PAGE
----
Justice delayed for hawkers

TEN months after Sowetan published a story exposing five metro police officers allegedly taking bribes from hawkers, the victims are still to see justice done.

TEN months after Sowetan published a story exposing five metro police officers allegedly taking bribes from hawkers, the victims are still to see justice done.

The latest is that the matter might only be resolved next week.

Last September three hawkers handed video footage to Sowetan on which they had recorded the metro police officers harassing them and taking bribes. A copy of the recorded video was handed to metro police management.

At the time metro police spokesperson Wayne Minnaar said the officers shown in the video were suspended with immediate effect.

Yesterday Minnaar changed his tune, saying the officers were not suspended but transferred.

"The officers were transferred from Soweto to Johannesburg."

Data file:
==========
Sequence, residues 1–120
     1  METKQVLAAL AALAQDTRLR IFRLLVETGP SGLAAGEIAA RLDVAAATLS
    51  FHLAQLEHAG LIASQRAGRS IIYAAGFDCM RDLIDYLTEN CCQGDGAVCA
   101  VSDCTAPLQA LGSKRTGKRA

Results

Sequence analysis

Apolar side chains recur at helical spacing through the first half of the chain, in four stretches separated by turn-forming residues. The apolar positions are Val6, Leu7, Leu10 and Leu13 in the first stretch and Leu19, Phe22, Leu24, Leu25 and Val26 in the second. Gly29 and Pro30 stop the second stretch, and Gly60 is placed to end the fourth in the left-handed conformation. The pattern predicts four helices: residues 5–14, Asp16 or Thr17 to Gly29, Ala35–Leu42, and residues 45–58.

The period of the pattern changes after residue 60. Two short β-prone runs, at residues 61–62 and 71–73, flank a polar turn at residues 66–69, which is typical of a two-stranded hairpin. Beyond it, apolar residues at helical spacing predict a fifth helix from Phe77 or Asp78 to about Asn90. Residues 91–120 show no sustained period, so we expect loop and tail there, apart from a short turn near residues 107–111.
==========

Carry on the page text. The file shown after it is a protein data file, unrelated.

But again yesterday Minnaar corrected himself by saying the officers were first suspended and later transferred from Soweto.

In the meantime the victims say they feel that justice has let them down. They claim that metro police officers continue to harass them.

Minnaar said yesterday that investigations into a case of corruption against the officers had been ongoing and that they expected a conclusion next week.

The hawkers, who operated from outside Jabulani Mall, had been enraged by metro police's conduct and bought a video recorder and cellphone to capture their practice.

Conversations between the hawkers and the metro police are overheard as they arrange how the latter will collect money for the illegal release of the goods impounded during the raids.

In one scene the first hawker, who sells baby formula, disposable nappies and toilet rolls, arranges with the officer to pay R300 to have his goods returned. The senior officer refers him to a man in charge of the holding storage in Dube.

In another scene a vendor is shown paying R500 for the release of his public phone container. In both instances, the goods are released through the back door.

In a third scene a hawker, who trades in CDs and DVDs, talks to an officer to deliver the material to him.

The officer allegedly confiscates the CDs and DVDs from illegal vendors during raids in the city centre and sells them to vendors in Soweto.

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